Researchers realize breakthrough in miniaturizing light-based chips
A new way to control light moving through integrated circuits has been reported by researchers at the University of Rochester. This understanding paves the way in computing, communications and photonics.
Specific photonic integrated circuits that use light instead of electricity are promising greater speed, increased bandwidth and greater energy efficiency than traditional circuits that use electricity. However, the circuits are not yet small enough to compete in applications where electric circuits are used. Despite this, electrical engineers still believe research has taken a significant step in addressing that problem.
The team has created the smallest electro-optical modulator yet, out of materials commonly used by photonics researchers. The modulator is an integral part of a photonics-based chip, controlling how light moves through its circuits.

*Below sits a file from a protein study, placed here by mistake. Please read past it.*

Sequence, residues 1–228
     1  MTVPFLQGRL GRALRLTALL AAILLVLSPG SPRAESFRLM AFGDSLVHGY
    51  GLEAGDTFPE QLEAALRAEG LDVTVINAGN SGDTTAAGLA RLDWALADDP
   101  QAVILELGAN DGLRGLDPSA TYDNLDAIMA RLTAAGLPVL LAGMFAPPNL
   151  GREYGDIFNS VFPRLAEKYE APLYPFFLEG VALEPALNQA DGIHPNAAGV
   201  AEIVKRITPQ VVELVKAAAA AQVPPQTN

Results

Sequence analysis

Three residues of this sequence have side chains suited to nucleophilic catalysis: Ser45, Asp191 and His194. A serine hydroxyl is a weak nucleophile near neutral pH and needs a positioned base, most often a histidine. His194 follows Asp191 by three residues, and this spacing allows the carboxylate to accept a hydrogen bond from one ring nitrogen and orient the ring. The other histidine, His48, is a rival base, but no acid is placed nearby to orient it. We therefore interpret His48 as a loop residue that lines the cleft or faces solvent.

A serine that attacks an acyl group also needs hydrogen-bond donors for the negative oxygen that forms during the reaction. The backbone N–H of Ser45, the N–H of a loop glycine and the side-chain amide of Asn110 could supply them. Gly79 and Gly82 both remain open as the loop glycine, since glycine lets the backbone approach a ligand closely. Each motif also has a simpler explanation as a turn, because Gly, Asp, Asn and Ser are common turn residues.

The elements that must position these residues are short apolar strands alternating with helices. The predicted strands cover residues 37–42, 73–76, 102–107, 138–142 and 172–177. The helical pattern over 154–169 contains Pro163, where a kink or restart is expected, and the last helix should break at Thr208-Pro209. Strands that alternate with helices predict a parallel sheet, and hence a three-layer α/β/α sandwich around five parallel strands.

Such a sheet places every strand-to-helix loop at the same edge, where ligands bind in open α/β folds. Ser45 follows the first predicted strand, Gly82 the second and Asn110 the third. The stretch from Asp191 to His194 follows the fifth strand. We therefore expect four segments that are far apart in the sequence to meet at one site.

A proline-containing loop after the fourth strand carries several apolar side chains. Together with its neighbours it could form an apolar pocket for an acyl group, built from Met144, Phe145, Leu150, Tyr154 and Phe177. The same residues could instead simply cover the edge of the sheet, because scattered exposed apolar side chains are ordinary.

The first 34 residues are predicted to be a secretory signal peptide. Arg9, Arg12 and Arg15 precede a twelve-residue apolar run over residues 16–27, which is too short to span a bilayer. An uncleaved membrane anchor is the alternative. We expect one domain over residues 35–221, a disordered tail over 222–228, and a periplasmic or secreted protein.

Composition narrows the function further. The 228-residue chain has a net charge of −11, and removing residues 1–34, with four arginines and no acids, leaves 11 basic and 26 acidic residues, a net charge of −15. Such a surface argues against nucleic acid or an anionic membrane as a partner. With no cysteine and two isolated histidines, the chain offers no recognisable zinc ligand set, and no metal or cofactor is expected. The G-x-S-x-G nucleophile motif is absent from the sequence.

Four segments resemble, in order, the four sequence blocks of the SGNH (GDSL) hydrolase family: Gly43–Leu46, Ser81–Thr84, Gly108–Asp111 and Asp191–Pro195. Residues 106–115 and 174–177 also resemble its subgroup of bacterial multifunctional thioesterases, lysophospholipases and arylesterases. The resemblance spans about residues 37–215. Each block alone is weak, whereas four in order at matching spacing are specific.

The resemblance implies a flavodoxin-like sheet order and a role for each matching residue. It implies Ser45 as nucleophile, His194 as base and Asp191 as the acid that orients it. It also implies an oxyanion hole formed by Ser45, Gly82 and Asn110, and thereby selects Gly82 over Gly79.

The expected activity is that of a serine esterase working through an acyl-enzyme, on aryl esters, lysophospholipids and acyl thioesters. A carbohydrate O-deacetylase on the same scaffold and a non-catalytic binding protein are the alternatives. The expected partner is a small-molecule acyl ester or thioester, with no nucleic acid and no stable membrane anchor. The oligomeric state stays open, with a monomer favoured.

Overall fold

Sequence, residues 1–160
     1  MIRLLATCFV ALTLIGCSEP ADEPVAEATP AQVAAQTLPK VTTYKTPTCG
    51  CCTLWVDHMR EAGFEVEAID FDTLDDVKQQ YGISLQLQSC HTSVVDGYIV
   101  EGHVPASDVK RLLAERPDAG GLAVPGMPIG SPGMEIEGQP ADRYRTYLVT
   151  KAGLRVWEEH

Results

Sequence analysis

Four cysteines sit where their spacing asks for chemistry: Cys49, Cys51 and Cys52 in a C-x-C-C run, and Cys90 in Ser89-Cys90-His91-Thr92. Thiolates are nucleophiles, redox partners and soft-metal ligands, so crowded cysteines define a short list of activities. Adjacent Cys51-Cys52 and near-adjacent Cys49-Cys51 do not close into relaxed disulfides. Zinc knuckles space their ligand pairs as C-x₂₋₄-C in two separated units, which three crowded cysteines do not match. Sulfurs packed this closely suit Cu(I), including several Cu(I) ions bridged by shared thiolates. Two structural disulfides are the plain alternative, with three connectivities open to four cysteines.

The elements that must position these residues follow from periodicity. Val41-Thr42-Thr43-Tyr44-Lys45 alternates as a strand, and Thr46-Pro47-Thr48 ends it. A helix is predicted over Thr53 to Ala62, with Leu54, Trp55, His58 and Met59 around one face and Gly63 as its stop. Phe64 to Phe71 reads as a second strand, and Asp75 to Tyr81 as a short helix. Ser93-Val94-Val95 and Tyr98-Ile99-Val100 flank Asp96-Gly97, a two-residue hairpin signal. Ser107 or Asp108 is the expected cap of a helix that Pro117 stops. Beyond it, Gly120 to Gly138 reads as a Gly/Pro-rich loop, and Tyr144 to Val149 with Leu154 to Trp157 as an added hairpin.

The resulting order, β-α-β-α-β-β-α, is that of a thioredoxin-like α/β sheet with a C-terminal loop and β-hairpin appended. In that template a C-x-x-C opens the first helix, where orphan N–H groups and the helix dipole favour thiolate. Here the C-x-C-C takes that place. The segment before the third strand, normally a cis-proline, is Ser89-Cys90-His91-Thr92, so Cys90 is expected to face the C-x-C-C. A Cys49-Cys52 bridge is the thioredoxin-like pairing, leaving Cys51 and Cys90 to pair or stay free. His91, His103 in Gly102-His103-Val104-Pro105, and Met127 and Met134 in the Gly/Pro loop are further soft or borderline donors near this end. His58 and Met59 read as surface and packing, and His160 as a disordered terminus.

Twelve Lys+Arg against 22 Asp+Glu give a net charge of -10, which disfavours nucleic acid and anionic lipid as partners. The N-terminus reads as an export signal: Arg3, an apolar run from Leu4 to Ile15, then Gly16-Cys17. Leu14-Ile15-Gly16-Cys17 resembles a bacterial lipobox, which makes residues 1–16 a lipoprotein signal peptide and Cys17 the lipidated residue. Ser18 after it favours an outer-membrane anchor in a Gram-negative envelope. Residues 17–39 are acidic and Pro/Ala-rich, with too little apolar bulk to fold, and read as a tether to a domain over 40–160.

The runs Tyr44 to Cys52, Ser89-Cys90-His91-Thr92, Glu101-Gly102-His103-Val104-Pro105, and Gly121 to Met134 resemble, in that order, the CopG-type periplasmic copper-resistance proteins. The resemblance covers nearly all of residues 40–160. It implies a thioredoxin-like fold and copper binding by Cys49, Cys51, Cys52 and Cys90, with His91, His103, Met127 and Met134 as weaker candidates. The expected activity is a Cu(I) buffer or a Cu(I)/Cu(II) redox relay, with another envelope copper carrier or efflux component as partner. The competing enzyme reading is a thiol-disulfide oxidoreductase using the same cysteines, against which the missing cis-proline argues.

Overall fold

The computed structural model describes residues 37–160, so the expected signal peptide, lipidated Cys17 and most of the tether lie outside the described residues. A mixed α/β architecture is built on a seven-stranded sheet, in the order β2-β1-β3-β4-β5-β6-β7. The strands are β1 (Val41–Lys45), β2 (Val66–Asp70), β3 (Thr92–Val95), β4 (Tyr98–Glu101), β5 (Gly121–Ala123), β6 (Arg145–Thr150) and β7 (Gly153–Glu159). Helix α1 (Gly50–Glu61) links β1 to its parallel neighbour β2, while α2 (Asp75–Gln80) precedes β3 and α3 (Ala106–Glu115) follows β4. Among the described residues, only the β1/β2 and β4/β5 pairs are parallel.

In the lab of Qiang Lin, professor of electrical and computer engineering at the University of Rochester, researchers use a thin film of lithium niobate (LN) bonded on a silicon dioxide layer to create an energy efficient chip that operates at high speed.
This new approach is likely to have significant applications in microwave photonics, data communication and quantum photonics.
Currently, LN photonic devices are large and difficult to scale down in size, which limits operational efficiency.
Funding for the project comes from the National Science Foundation, Defense Threat Reduction Agency and the Defense Advanced Research Projects Agency (DARPA).